• 11.  Why is Bank of Namibia concerned when I invest my own money in cryptocurrencies such as Bitcoin? After all it is my own money.

    Because of the unregulated nature of cryptocurrencies, BoN does not recognise, support and recommend the possession, utilisation and trading of cryptocurrencies in Namibia and by members of the public. Hence, BoN urges the public to invest their money responsibly and desist from any engagements or activities related to unregulated currencies such as Bitcoin and others.

  • 12.  Why does the Bank of Namibia state that pyramid schemes such as MLC 24/7 are illegal?

    The problem with pyramid schemes is that the scheme cannot go on forever. People are deceived into believing that by giving money, they will make more money; however, no wealth has been created, no product has been sold, no investment has been made, and no service has been provided. The concern lies in the fact that it is impossible for the scheme to sustain itself, so people will eventually lose their money somewhere down the line. Those who are most vulnerable are those that join the scheme at the late stage and lie at the bottom of the pyramid, where it becomes impossible to recruit the number of people required to pay off the previous layer of recruiters. People lose their hard earned money in a deceitful manner and this is the reason why pyramid schemes are illegal in Namibia and most countries throughout the world.

  • 13.  Why am I not allowed to use the Namibia Dollar in South Africa but I can use the South African Rand in Namibia?

    There is an agreement between South Africa, eSwatini (formerly known as Swaziland), Namibia and Lesotho, known as the Common Monetary Area agreement. Under this agreement, the South African Rand is a legal tender in all these countries although these countries are also entitled to issue their own national currency. However, these currencies only serve as legal tender in their own countries. The currencies of these countries (Namibia, Lesotho and eSwatini) are pegged to the South African Rand at one-to-one rate, and are freely convertible into Rand but are not legal tender in South Africa.

  • 14.  What is the exchange rate between Namibia Dollar and South African Rand?

    The exchange rate between the Namibia Dollar and the South African Rand is fixed at one-to-one, meaning you can exchange N$1.00 for R1.00.

  • 15.  Why does the Bank of Namibia not allow us to pay off our mortgage loans in five years just like with vehicle loans?

    Firstly, is it important to note that loan payback periods are broadly linked to the lifespan of the assets we are borrowing for. Since houses and apartments are expensive but durable, banks usually allow you 20 years to repay your home loan. If it was shorter, the instalments would have been too high for many families to afford. However, one is not restricted to paying off his/her house loan in 20 years. You are actually allowed to pay your mortgage loan off in a shorter period. For example, if you get a big salary increase or inherit some money, you can increase your monthly repayments or pay an additional amount once-off into your bond account. Paying a mortgage loan off more quickly will save you a lot on interest charges. Just notify your bank of your intention. Especially if you want to pay off your whole outstanding loan amount at once, you may be required to give prior notice to avoid penalty charges (since banks also have to plan for inflows and outflows of funds). However, if you are not able to pay it off more quickly, you are given 20 years to pay off the mortgage loan because such loans are attached to the lifespan of the property/house.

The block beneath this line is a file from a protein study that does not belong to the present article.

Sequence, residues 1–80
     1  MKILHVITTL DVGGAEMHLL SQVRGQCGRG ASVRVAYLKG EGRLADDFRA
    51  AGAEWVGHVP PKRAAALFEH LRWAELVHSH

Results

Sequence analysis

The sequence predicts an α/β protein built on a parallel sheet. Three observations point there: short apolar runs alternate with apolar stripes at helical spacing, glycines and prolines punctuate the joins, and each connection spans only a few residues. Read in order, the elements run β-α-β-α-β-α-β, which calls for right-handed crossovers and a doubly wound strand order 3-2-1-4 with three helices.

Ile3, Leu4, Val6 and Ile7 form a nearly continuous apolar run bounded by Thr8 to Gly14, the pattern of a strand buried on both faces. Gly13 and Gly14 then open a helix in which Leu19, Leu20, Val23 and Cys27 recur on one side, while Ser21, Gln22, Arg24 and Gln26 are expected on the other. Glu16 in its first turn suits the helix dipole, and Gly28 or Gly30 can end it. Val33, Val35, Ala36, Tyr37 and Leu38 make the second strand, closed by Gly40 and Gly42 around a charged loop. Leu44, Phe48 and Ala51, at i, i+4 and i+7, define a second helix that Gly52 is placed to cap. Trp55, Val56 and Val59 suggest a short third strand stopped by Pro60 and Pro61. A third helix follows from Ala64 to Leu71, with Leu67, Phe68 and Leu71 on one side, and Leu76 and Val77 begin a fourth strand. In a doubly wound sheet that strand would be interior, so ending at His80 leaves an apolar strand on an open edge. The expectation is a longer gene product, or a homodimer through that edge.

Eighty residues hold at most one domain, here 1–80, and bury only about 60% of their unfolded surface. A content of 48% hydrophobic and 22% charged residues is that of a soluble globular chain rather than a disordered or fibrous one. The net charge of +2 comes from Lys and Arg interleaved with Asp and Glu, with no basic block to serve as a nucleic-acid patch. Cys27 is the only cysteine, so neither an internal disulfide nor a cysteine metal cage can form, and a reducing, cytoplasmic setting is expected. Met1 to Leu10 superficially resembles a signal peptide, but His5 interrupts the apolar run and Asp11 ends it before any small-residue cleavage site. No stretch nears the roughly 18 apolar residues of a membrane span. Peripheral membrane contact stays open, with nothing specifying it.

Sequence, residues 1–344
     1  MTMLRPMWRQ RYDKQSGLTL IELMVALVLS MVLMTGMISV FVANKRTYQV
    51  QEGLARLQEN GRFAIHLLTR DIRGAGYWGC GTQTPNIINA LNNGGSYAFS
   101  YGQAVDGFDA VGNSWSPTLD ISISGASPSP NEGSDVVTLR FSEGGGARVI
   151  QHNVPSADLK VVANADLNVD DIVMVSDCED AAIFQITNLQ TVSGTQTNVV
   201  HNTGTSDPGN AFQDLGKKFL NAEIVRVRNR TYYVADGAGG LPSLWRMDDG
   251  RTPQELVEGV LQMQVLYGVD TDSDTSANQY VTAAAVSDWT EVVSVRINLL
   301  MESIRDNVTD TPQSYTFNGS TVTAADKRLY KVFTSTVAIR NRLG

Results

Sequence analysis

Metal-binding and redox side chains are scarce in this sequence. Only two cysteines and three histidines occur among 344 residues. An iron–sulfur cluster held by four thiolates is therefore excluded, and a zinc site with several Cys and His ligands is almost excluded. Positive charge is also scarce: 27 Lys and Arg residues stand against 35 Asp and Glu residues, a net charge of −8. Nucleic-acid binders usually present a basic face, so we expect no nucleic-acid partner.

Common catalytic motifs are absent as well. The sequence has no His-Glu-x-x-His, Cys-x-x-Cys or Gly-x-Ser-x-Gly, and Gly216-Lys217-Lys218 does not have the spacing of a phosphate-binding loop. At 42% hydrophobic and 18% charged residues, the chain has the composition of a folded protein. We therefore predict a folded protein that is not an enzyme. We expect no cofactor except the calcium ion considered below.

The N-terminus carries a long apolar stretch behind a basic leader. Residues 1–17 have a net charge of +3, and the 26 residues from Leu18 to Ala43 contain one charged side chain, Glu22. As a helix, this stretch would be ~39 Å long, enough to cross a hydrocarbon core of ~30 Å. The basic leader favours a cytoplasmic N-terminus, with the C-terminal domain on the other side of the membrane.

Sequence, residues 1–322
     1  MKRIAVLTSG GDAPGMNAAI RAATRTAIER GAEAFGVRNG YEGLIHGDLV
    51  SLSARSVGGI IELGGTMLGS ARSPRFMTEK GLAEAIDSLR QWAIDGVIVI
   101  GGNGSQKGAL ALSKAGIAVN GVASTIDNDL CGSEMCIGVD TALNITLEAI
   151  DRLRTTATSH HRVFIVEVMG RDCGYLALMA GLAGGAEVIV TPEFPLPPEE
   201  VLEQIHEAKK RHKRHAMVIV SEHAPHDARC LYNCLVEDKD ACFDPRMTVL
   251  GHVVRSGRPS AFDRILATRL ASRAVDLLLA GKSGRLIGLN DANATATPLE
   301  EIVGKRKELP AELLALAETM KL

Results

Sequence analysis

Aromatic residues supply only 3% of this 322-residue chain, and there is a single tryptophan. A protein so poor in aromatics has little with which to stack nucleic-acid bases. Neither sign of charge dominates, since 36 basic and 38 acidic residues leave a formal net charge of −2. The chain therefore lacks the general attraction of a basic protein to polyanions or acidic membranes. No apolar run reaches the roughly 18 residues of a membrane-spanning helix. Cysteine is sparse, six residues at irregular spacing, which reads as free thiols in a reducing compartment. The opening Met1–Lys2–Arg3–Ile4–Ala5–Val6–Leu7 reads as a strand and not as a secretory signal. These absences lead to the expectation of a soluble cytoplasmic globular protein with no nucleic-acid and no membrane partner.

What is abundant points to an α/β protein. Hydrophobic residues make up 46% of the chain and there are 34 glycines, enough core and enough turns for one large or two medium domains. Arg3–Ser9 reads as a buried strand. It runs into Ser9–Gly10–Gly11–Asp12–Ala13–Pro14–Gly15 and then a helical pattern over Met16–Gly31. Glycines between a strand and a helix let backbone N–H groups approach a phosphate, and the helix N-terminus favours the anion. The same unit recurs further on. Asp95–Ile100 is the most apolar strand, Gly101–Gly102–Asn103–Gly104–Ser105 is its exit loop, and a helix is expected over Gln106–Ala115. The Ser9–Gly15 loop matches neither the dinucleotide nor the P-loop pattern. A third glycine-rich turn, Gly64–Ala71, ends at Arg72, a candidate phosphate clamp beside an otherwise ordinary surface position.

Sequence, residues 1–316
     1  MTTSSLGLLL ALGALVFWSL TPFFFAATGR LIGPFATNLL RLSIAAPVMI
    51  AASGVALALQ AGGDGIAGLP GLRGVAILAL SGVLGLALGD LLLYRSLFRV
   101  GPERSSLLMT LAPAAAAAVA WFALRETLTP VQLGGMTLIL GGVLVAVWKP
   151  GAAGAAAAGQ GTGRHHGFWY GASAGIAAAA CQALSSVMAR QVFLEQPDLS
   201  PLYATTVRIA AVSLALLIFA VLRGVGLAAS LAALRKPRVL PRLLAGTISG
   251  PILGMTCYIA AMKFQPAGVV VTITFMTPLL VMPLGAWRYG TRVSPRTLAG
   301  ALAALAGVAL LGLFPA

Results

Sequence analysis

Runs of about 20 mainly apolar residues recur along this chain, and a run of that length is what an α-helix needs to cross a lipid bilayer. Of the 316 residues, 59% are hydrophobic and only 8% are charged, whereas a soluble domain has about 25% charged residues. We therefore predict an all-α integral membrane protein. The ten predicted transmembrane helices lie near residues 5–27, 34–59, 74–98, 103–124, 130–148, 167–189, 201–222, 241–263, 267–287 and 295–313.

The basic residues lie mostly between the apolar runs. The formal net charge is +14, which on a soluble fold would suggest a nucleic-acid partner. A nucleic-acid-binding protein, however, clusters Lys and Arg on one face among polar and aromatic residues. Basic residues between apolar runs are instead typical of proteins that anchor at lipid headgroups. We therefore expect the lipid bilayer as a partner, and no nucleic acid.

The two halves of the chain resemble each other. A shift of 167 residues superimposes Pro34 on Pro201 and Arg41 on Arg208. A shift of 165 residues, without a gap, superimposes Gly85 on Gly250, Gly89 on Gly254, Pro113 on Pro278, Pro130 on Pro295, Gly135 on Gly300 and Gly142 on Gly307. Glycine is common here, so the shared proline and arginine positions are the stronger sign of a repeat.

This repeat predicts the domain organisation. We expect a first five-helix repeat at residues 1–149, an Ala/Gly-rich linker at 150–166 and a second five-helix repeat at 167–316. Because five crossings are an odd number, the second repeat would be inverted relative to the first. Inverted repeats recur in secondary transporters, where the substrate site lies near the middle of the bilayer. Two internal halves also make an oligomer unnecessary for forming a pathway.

Today’s rates
Inflation rates
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NCPI

CONSUMER PRICES Total (All urban areas) 12-Term % change

NCPI 4,80 Sep 2018
Interest rates
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Repo rate

Repurchase rate: Rate at which the private (sector) banks borrow namibian dollars from the Bank of Namibia

Prime overdraft rate (predominant rate)

Benchmark rate at which private banks lend out to the public.

Repo 6.75
Prime 10.50
Exchange rates
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NAD per US Dollar

Weighted average of the banks' daily rates at approximately 10:30 am. Weights are based on the banks' foreign exchange transactions.

NAD per British Pound

Weighted average of the banks' daily rates at approximately 10:30 am. Weights are based on the banks' foreign exchange transactions.

NAD per Euro

Weighted average of the banks' daily rates at approximately 10:30 am. Weights are based on the banks' foreign exchange transactions.

NAD per Angolan Kwanza

Weighted average of the banks' daily rates at approximately 10:30 am. Weights are based on the banks' foreign exchange transactions.

N$ / $ 14,3396 23 Oct 2018
N$ / £ 18,5932 23 Oct 2018
N$ / € 16,4348 23 Oct 2018
N$ / AOA 0,0717 23 Oct 2018